Vitamins and Minerals
Manganese can be found in abundance in maple syrup. A single serving contains approximately 2.41mg of the micronutrient, or approximately 104 percent of the recommended daily value. It’s also a good source of riboflavin, with 1.05mg per serving, or 81 percent of the daily value.
Maple syrup is a good source of zinc, containing 1.22mg or 11% of the daily value. Maple syrup also contains trace amounts of calcium (approximately 6% of the daily value), potassium (approximately 3.7 percent of the daily value), and magnesium (4.1 percent of the daily value).
What are Health Benefits of Maple Syrup?
The potential health benefits of maple syrup have been investigated. Researchers have discovered that the natural sap used to make maple syrup contains minerals, oligosaccharides, amino acids, organic acids, and phenolic compounds in addition to sugar (sucrose). These compounds and nutrients may provide some benefits to people who consume maple syrup, but much of the research is still in its early stages.
1. Maple syrup may help Prevent Cell Damage and Disease
The antioxidant content of maple syrup may have disease-prevention properties. Antioxidants are substances that may aid in the prevention or postponement of certain types of cell damage that can lead to disease.
Antioxidants, in particular, aid in the prevention of oxidative stress, which occurs in cells when your body is exposed to free radicals. Free radicals occur naturally in the body, but we are also exposed to them in the environment through factors such as air pollution and cigarette smoke.
2. Maple syrup can improve hydration and perceive exercise exertion
Maple syrup has grown in popularity among athletes seeking the best way to rehydrate and maintain energy levels during prolonged exercise. According to some studies, a beverage made from maple syrup could be a viable alternative to traditional sports drinks.
3. Maple syrup is useful in treatment of some cancers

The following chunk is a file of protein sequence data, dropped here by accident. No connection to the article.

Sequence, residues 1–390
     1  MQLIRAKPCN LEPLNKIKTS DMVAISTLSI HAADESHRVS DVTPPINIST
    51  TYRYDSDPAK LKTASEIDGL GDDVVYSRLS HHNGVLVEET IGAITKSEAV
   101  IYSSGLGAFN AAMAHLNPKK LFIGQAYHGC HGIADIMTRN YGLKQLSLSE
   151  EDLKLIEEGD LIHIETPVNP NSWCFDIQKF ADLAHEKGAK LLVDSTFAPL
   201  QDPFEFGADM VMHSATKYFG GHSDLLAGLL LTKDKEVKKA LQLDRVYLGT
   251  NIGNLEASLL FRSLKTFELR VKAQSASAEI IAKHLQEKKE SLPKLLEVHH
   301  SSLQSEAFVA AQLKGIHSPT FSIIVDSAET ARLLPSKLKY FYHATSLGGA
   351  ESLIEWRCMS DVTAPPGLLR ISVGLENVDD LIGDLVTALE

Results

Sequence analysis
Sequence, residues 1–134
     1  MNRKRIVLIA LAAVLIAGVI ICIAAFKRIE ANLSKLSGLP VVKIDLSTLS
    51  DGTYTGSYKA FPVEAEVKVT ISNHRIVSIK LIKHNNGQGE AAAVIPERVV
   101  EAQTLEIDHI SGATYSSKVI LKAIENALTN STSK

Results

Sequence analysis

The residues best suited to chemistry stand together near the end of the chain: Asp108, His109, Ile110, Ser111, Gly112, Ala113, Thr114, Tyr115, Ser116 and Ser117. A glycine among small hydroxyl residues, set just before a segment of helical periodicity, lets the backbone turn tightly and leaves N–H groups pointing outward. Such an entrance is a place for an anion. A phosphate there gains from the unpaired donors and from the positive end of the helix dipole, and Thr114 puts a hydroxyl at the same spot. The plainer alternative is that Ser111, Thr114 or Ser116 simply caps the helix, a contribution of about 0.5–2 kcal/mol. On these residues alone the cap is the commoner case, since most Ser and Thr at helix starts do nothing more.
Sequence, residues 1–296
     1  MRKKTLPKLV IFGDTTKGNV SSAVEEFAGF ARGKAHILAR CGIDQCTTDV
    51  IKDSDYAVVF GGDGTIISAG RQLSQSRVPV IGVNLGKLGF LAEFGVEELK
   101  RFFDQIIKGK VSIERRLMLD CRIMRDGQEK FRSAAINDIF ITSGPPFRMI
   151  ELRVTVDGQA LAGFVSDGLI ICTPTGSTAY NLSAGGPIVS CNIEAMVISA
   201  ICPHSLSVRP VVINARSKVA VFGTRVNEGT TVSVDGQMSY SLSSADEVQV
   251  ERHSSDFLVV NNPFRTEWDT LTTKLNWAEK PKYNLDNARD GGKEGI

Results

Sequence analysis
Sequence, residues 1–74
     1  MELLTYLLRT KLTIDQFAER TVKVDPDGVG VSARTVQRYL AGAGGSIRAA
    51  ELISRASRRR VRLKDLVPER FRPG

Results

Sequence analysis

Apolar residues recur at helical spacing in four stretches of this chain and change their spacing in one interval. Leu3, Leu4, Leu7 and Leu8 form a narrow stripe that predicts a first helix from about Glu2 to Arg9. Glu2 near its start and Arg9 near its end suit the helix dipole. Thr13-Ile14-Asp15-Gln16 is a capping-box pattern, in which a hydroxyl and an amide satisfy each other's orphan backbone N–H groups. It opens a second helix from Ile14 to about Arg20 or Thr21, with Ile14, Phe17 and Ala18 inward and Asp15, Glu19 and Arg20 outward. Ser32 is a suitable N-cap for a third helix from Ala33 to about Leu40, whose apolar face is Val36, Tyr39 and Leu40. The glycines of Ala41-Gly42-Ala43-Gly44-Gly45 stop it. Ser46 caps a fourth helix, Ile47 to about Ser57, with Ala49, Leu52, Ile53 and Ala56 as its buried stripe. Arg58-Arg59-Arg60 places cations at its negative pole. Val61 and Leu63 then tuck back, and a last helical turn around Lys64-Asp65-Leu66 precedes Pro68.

Maple syrup has been investigated for its potential role in the treatment of certain gastrointestinal cancers. While the studies are promising, it is important to note that the research is still in its early stages, and much more research is required before we can be certain whether consuming the syrup or syrup extract can provide any benefit in humans.
4. Maple syrup has a potential in management of diabetes
The oligosaccharides found in maple syrup are a type of carbohydrate formed when three to ten simple sugars are linked together. The oligosaccharide in maple syrup (fructose and glucose) is noteworthy because it helped rats with diabetes process sugars in a way that helped them maintain lower overall blood glucose levels in a rodent study.
The Varieties of Maple Syrup
There are four classes of maple syrup and each vary in color and taste:
1. Golden maple syrup
Golden maple syrup has the lightest color and a mild, delicate flavor. It is made from sap collected at the start of the sugaring season. Golden maple syrup is delicious on pancakes, ice cream, yogurt, or cooked oatmeal.
2. Amble maple syrup
Amber maple syrup is slightly darker and has a richer flavor. We can use it in desserts or vinaigrettes.
3. Dark maple syrup
Dark maple syrup has a caramelized flavor and is often used in savory dishes, baking, and sauces.
4. Very dark maple syrup
Sap harvested at the end of the sugaring season yields very dark maple syrup. It has a richer, more distinct flavor that is ideal for glazes and sauces.
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After recognizing the facts about maple syrup, we can know that the flavor profile of coconut sugar is similar to that of maple syrup, and its glycemic index and calorie content are lower. However, the health benefits and refinement process of maple syrup naturally crown maple syrup as superior to coconut sugar.